Interview with Plays by Young Writers Alum Eliana Pipes

Eliana Pipes is a playwright, actor, and filmmaker whose script From Another House was produced in Playwrights Project’s Plays by Young Writers Festival in 2014. Her play Dream Hou$e will be presented as part of San Diego Rep’s upcoming Latinx New Play Festival.

Eliana Pipes

Congratulations on graduating from Columbia! You’re currently working towards your MFA in playwriting from Boston University. How was your first year of grad school, and what advice do you have for young writers starting grad school?

It’s what everyone will tell you when you start Grad School, but it’s universal for a reason: Really take advantage of the time to experiment.  Remember that the process is about you and your growth as an artist, and disengage from any part of the experience that isn’t serving you in that goal.  Have fun – and write to please yourself first and foremost.  For writers, Grad School is a place to take big risks, to push yourself, to be unafraid of failure.  Big risks can lead to big rewards, and as Toni Morrison said, failure is just information.  And if you’re interested in Grad School – I’d recommend looking for fully funded programs, there are more out there than you’d think (BU is one!) and I think it’s easier to take risks when you’re not feeling financial pressure.

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Eliana and her dramaturg Aleta Barthell exchange ideas on her script From Another House during the 2014 Plays by Young Writers Festival.

You describe your writing as “imagistic, political, and playful with a punch; interested in the intersection between capitalism and culture, and the ways that identity is constantly being negotiated.” If you are comfortable sharing, what experiences in your life helped shape and inform the themes you work with now as an adult?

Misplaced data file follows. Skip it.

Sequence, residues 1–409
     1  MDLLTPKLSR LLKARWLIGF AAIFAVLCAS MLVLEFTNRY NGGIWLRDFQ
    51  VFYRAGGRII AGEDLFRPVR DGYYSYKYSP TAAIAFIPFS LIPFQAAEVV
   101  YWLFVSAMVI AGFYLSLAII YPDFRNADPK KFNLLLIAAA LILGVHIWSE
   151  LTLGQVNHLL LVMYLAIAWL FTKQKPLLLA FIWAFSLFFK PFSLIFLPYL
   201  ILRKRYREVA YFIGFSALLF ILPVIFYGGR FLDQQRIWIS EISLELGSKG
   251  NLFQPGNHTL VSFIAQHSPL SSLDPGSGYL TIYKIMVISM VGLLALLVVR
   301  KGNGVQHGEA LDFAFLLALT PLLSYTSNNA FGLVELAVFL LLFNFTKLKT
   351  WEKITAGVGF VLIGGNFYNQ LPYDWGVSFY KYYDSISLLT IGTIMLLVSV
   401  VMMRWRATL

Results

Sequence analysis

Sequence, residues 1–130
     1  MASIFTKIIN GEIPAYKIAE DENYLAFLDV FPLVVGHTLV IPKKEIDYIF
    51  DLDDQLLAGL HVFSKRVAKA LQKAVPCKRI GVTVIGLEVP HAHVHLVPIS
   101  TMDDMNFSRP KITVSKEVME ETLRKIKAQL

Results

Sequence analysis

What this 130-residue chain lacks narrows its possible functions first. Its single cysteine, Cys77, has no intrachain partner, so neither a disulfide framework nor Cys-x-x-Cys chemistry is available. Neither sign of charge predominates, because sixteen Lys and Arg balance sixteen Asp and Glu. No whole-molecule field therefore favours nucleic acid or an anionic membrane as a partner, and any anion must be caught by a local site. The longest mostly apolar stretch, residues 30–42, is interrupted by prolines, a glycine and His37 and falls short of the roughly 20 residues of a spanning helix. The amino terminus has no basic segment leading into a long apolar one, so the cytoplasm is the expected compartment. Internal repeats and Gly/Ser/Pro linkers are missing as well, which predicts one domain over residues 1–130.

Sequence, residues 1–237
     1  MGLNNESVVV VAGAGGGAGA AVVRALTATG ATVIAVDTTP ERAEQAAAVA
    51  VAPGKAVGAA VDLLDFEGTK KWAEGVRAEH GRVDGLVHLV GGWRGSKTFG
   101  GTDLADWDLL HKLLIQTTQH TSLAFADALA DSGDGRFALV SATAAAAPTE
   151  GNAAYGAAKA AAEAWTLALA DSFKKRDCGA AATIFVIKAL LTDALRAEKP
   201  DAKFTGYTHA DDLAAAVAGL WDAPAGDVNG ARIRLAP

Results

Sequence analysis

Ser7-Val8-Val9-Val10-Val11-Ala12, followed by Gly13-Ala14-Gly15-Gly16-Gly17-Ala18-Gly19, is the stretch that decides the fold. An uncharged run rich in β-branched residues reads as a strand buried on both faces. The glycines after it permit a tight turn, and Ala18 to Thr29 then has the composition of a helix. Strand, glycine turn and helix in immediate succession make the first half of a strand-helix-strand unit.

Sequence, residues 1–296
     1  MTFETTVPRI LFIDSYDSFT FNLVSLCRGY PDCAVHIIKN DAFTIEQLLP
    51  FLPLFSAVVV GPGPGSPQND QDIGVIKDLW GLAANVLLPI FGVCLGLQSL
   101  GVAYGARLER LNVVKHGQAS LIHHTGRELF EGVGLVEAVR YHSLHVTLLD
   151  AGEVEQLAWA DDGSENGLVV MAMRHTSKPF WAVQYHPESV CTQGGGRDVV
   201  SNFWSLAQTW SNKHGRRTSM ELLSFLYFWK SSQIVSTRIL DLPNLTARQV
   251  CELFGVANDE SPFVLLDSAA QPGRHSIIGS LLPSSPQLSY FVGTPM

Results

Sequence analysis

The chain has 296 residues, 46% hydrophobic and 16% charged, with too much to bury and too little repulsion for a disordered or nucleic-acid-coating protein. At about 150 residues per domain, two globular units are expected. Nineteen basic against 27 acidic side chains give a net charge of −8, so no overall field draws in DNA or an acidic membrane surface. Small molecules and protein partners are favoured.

As a queer woman of color, it’s not too hard to guess why I’m passionate about diversity in the theater – but I think that diversity is about much more than just throwing different types of actors on stage.  Many identity-based works treat those identities as though they are stable and unalienable, but I don’t think that’s how we really experience ourselves.

I’m interested in exploring the ways that identity is constantly being negotiated.  How is ethnic culture bought and sold?  How is womanhood tested and earned?  Who are these identity categories really for?  I know that over the course of my own life, my relationship to my ethnicity, to my gender, to my sexuality has radically changed.  I’m interested in that process of transformation. I’m interested in internalized oppression, and who profits from it.

What effect did your involvement with the Plays by Young Writers Festival have on your experience as a writer and theatre artist?

My Plays by Young Writers experience was such a gift.  I really got to see my work come to life through a stellar professional creative team, which was really valuable at that juncture in my writing career. The Old Globe is a beautiful space, and the Festival was one of the first times I got to react to my work with a generous audience of strangers, rather than a house packed with friends.  It was a wonderful launching point for me, one that I’ll always be grateful for.

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Eliana and Aleta watch actors rehearse a scene of From Another House.

From Another House examines how secrets can change a family’s dynamic. I understand Dream Hou$e also delves into familial relationships. Can you give us some insight into the inspiration behind Dream Hou$e? Ultimately, what do you hope the audience will take away from the play?

Dream Hou$e came from two impulses for me: the first was thinking about my own relationship to the house my family left when our hometown started changing.  The second impulse came up as I moved more deeply into the professional world of theater.  As a writer of color in a landscape where (statistically speaking) the majority of theater subscribers are white, I felt like I was being asked to sell my culture for money – and a part of me really wanted to (because of course that’s how we measure success).  This play has been my space to grapple with the gaze my work was going to be subjected to, with the difference between claiming my own narrative and having one put on me, with the relationship between upward mobility and cultural disconnection.  And when the play takes off into the surreal, this is what I’m exploring.

One constant with my work is that I’m not writing to give answers, but to ask questions – and I hope the audience will walk away chewing on those questions too.  The play is about how the Sisters’ attachment to the house has changed, and by extension how their attachment to themselves and their cultural identity has changed.  I hope they’ll come out thinking about their own families, their own hometowns, and the way their relationship to themselves has shifted.

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Eliana, Aleta, and PWP Executive Director Cecelia Kouma after a reading of Eliana’s play Stand and Wait at UCSD, where Eliana was a recipient of the 2018 Gaffney Playwriting Award.